Sully Marshall '22/University of St. Thomas

Tommie Award Finalist: Adam Revoir ’22

As a member of Undergraduate Student Government (USG) since his first year at St. Thomas, Tommie Award finalist Adam Revoir ’22 has been working on improving the experience for all students at the university throughout his entire college career. Now the USG president, the servant leader has been focusing on making his campaign principles of an effective and efficient student government become a reality. Driven to create connections with people from all aspects of St. Thomas, Revoir aims to continue the university’s growth into a more inclusive and understanding community.

The Newsroom recently caught up with Revoir to learn more about his role as USG president, his career aspirations, and more. Here are the highlights from our conversation.

The final Tommie Award vote takes place Feb. 8-10.

What is your major here at St. Thomas?

I’m majoring in business law and compliance with a minor in legal studies. I am also a part of a program to get a newly offered certificate for risk management and insurance.

Adam Revoir '22 (Liam James Doyle/University of St. Thomas)

What was the motivation you to run for Undergraduate Student Government president?

I saw that the university was going into uncharted territory with our transition to D-I, transitioning back to in-person learning from online learning, and placing more focus on the university’s drive toward improving our sustainability. With the continuing university goal of increasing the inclusivity of our campus, and because I had been involved in USG for so long, I felt like I would make a strong candidate. I had established some very strong connections with people on the administrative and student body that would allow me to continue having the necessary conversations and pushing the envelope to make sure that we are able to continue the process of implementing changes where we find necessary.

What is one aspect of being the student body president that you did not expect when you were elected?

One thing that I was not expecting was the administration’s desire to hear the student voice. It seems like almost every day where I am asked for my perspective on a matter by another student, a faculty member or a member of the university’s administration. In all honesty, that surprised me. I did not expect that I would be able to have such a close relationship with people from all aspects of the university and that there would be this emphasis in our university on making sure that the student voice is heard.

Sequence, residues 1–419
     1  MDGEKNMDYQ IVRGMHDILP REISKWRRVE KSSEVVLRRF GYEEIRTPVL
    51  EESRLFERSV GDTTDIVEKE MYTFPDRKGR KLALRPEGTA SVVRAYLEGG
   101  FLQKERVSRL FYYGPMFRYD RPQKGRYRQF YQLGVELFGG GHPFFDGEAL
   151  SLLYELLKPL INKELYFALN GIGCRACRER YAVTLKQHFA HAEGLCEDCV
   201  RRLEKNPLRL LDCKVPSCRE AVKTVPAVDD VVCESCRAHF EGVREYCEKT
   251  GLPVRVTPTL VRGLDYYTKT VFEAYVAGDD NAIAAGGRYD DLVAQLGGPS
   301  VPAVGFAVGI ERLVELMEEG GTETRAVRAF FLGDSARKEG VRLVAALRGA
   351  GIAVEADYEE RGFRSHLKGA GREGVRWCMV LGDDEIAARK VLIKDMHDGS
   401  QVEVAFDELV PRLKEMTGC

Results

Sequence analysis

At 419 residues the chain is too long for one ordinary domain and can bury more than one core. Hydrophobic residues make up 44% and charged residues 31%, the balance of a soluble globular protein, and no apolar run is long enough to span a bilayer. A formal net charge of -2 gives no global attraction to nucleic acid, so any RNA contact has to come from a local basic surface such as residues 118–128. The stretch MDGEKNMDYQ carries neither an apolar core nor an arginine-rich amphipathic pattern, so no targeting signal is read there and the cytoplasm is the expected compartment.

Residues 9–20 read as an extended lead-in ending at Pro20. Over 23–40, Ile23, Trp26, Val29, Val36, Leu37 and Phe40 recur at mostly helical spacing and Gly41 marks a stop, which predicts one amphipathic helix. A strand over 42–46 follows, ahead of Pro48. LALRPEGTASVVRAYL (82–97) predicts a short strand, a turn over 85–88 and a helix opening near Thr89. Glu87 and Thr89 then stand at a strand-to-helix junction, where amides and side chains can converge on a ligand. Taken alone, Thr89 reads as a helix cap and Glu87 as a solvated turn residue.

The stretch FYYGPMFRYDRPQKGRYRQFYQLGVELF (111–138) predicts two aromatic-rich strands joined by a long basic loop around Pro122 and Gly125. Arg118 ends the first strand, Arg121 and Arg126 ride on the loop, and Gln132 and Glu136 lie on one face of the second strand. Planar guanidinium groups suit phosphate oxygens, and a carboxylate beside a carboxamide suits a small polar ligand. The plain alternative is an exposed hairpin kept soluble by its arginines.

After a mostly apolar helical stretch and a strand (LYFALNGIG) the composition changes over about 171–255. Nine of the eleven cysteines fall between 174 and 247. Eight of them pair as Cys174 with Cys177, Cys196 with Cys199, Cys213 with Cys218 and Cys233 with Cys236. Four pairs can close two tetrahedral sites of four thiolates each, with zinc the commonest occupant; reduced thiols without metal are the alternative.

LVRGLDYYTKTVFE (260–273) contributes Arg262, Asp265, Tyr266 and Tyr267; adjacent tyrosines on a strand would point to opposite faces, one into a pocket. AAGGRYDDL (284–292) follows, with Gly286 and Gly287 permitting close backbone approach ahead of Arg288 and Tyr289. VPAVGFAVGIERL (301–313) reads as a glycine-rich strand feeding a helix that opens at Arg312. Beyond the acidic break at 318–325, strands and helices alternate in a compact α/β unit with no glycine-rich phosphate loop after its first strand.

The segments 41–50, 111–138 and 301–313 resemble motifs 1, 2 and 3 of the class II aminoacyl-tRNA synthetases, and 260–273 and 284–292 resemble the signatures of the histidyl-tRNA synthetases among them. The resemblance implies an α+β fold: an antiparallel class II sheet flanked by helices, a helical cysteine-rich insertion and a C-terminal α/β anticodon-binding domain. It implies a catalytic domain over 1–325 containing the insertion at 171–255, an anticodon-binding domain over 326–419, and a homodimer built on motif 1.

What do you hope to accomplish as president before graduating?

So far, I have been able to accomplish one of my main goals, which was to create a new executive board position, the vice president of student engagement. This was something I promised a former board member would be my first action as president, so I was very happy when I was able to fulfill this promise. I am also hoping to increase the understanding of what the Undergraduate Student Government does, as I want the student body to gain a better understanding of what we can do for them.

Secondly, I hope to have a revision of the academic calendar to better accommodate international, out-of-state and greater Minnesota students. I believe that this is important because as St. Thomas continues to grow, we will start to attract more students from all over and our academic calendar should reflect this change in our student body. This is not something that I believe I will accomplish by the end of my term as president as this is no easy task, but I want to make sure that the conversation for this change has begun before I leave my post. I also want to continue the work to increase equity and inclusion for all student groups on campus such as LGBTQIA+ or students of different ethnicities and giving them support through policy and creating an environment where they feel safe. It’s my goal to help nourish this growth and leave the student government in a position to continue the success.

Has there been any member of the St. Thomas community who helped you during the election?